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This article was written By John Berra on 14 Jan 2014, and is filed under Reviews.

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About John Berra

John Berra is a lecturer in Film and Language Studies at Renmin University of China. He is the editor of the Directory of World Cinema: Japan (2010/12/15); co-editor of World Film Locations: Beijing (2012); and co-editor of World Film Locations: Shanghai (2014). His work has appeared in The End: An Electric Sheep Anthology (2011), Electric Shadows: A Century of Chinese Cinema (2014) and Ozu International: Essays on the Global Influences of a Japanese Auteur (2015).

Fish Story (Japan, 2009)

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Fish Story is an offbeat comedy by Yoshihiro Nakamura’s which infectuously blends urban legend, martial arts mayhem and post-Millennium tension. As with the Hollywood blockbuster 2012 (2009), Nakamura’s film refers to the Mayan calendar for the date of the end of the world, but the Japanese reaction to the impending apocalypse is not as overwrought as that of the American mainstream. As a meteor heads towards Earth, a bitter old man and a more optimistic youngster find themselves in an otherwise empty record store: the proprietor (Nao Omori) plays a record entitled ‘Fish Story’ by the obscure 1970s punk band Gekirin, making this selection of the basis that their music has the power ‘to save the day.’ The plot then moves back to 1982 to focus on Masashi (Gaku Hamada), a shy young man who hears ‘Fish Story’ whilst working as a hired driver. Masahi’s passengers meet some women in a bar and head for a love hotel, leaving the driver to have a life-changing experience on his ride home. Events then move forward to 2009 as schoolgirl Asami (Tabe Mikako) falls asleep on a boat trip, failing to disembark at Tokyo, much to her distress. A friendly waiter (Mirai Moriyama) calms her down, informing her that he has been trained to be a ‘champion of justice’, a claim that is tested when a gang of heavily-armed hijackers takes over the ship. Nakamura then goes back to 1975 and the recording of ‘Fish Story’ to find Gerkin being driven apart by commercial demands. How these vignettes will be tied together is only apparent in the film’s closing moments.

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With its combination of fractured narrative and pop culture nostalgia, Fish Story occupies two sub-genres; the puzzle film and the musical underdog. The puzzle film is best represented by such time-bending American independent offerings as Memento (2000) and Primer (2004), although Nakamura’s laid-back approach is more akin to the multi-stranded narratives of Mystery Train (1989) and Pulp Fiction (1994. The chapter format allows Nakamura to affectionately toy with stock scenarios: 1982 is an ‘urban legend’ that gains comic mileage from its horror film set-up, 2009 references the high-concept heroics of Die Hard (1988) and Under Siege (1992) while 1975 offers the struggling band scenario. With regards to the musical underdog sub-genre, the reference points of Fish Story are more localised: Nobuhiro Yamashita’s Linda Linda Linda (2005) follows four schoolgirls who must learn to play a song for a school festival, while Kankuro Kudo’s The Shonen Merikensack (2008) concerns a record company employee who ‘discovers’ a new punk band on the internet, only to discover that their music is actually 25-years-old. Fish Story is also a musical cousin of Tomorowo Taguchi’s hilarious The Shikisoku Generation (2009), in which a high school student follows in the footsteps of his idol Bob Dylan by infusing his introspective folk songs with rock-and-roll vitality. Both films exhibit a fascination with music lore: the former celebrates the myths that build up around cult recordings, speculating on what the ‘missing link’ between The Velvet Underground and The Sex Pistols would sound like, while the latter references Dylan’s sudden switch from acoustic to electric.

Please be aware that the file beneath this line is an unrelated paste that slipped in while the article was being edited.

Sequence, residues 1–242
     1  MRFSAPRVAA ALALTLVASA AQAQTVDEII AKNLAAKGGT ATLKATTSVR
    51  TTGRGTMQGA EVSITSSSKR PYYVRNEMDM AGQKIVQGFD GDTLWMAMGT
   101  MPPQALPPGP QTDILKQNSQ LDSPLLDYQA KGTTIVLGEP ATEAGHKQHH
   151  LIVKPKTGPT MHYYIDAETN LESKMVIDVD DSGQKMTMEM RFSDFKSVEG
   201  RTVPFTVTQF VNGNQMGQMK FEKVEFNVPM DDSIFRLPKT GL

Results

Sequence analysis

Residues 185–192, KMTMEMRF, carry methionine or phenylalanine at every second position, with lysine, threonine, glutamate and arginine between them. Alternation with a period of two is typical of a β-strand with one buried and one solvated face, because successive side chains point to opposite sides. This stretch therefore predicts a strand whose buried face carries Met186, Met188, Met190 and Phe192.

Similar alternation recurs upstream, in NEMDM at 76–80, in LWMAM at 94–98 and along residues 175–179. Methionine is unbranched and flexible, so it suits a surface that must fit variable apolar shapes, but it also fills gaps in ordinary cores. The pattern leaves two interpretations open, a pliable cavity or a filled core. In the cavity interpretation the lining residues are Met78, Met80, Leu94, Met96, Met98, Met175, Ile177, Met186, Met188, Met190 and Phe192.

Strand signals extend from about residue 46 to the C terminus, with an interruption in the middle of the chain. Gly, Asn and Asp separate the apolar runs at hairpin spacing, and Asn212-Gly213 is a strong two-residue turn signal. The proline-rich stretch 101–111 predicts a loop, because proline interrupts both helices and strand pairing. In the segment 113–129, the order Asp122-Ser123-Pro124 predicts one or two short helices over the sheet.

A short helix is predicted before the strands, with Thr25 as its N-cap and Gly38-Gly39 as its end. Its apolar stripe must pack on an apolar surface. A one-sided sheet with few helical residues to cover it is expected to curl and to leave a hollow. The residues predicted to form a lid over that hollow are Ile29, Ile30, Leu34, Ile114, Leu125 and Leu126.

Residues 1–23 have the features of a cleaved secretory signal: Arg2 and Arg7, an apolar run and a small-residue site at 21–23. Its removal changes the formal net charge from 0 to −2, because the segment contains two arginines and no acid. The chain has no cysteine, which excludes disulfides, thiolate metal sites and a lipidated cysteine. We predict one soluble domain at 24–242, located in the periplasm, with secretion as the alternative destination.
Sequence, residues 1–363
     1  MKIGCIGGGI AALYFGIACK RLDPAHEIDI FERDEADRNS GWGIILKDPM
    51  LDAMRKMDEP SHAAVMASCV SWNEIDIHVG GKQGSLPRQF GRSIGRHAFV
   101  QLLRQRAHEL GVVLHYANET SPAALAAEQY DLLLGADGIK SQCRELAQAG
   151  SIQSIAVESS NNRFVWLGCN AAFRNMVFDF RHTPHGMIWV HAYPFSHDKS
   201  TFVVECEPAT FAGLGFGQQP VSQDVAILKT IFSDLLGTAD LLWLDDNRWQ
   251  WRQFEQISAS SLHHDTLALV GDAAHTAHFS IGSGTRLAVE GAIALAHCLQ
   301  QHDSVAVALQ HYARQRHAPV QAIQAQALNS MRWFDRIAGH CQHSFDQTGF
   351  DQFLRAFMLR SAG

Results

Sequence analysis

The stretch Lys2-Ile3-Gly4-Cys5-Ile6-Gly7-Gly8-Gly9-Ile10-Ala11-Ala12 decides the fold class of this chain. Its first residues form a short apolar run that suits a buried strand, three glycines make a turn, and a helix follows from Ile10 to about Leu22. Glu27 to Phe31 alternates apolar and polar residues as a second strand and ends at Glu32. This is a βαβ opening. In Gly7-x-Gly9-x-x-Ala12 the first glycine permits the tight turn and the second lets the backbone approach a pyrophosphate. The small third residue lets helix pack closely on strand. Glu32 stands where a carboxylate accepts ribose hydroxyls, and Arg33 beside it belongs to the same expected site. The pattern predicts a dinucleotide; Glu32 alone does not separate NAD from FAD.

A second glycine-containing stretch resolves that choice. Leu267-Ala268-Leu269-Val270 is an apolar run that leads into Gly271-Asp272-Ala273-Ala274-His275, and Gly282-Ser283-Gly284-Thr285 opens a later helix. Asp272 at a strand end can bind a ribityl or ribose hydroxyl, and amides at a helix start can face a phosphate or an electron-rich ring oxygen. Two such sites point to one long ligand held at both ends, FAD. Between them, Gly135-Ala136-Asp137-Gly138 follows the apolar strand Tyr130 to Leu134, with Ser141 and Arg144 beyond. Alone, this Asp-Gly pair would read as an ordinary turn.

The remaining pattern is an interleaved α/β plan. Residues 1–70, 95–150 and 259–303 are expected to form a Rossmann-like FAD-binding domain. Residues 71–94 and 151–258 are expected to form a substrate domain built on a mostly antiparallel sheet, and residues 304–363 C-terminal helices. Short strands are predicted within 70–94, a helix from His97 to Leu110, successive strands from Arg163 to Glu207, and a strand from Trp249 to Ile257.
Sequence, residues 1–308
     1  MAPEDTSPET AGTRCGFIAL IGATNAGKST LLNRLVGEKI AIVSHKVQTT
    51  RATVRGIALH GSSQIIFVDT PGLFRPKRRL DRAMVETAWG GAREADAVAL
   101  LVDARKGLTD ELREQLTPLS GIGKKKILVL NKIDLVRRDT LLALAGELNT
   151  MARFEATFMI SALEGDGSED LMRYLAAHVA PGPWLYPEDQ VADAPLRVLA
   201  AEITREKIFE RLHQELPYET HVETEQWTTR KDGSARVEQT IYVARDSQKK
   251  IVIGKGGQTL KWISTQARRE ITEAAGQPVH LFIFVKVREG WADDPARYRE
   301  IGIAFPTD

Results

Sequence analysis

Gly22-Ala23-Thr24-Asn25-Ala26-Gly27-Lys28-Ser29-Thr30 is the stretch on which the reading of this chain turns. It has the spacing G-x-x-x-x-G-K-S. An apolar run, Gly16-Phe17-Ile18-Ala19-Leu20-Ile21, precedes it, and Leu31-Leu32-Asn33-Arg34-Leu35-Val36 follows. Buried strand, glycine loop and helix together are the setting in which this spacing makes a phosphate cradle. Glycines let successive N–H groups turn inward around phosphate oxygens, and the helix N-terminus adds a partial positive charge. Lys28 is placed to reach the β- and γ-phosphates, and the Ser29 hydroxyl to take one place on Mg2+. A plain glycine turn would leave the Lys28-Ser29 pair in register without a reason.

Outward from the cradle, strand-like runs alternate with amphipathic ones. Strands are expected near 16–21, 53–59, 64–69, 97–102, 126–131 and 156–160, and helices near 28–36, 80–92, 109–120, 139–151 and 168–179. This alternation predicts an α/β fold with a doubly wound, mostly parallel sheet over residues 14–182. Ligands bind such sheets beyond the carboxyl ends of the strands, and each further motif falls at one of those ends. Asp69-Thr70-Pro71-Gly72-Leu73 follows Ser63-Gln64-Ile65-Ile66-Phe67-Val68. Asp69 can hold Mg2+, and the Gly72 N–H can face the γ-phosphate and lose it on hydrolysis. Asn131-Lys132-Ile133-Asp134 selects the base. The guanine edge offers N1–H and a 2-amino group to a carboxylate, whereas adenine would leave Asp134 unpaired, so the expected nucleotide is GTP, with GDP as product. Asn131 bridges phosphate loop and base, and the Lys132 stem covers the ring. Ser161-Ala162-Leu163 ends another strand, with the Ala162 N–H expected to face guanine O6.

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There is something agreeably retro about Fish Story, with its emphasis on old LPs, cassettes with hand-written track listings, and a ‘champion of justice’ whose childhood training regime has been derived from The Karate Kid (1984). Yet it balances an innocent affection for such fandom staples, not to mention the wish fulfillment fantasy that every social misfit can rise to the challenge when pushed to do so, with an often melancholic reflection on how progressive artistic statements are rarely accepted at their moment of cultural inception. The 1975 section effortlessly evokes the grimy underbelly of the alternative scene, with Gekirin performing to unappreciative audiences, living in squalid apartments, and recording in a cramped studio which takes on a tense – but ultimately euphoric – atmosphere as the band records together for one last time. In a scene that pulsates with a sense of having nothing to lose in the face of widespread rejection from the taste-makers of the day, the band performs an uncompromised version of ‘Fish Story’ which includes an odd intro and a bizarre digression that results in a one minute silence, characteristics which will later lend the track considerable cult appeal. As with The Shikisoku Generation, proceedings are helped immeasurably by the fact that the music is actually very cool indeed. Fish Story is a film of immense charm, a clever comedy that taps into the music sub-culture of Japan with warm nostalgia and wry insight, while scrambling narrative chronology in such a manner that the audience is playfully teased without entirely losing the plot.

 

 

 

Related posts:

Goke, Body Snatcher from Hell (1968, Japan) [NYAFF 2012]
Super Virgin (South Korea, 2012) [PiFan 2012]
The World (China, 2004)

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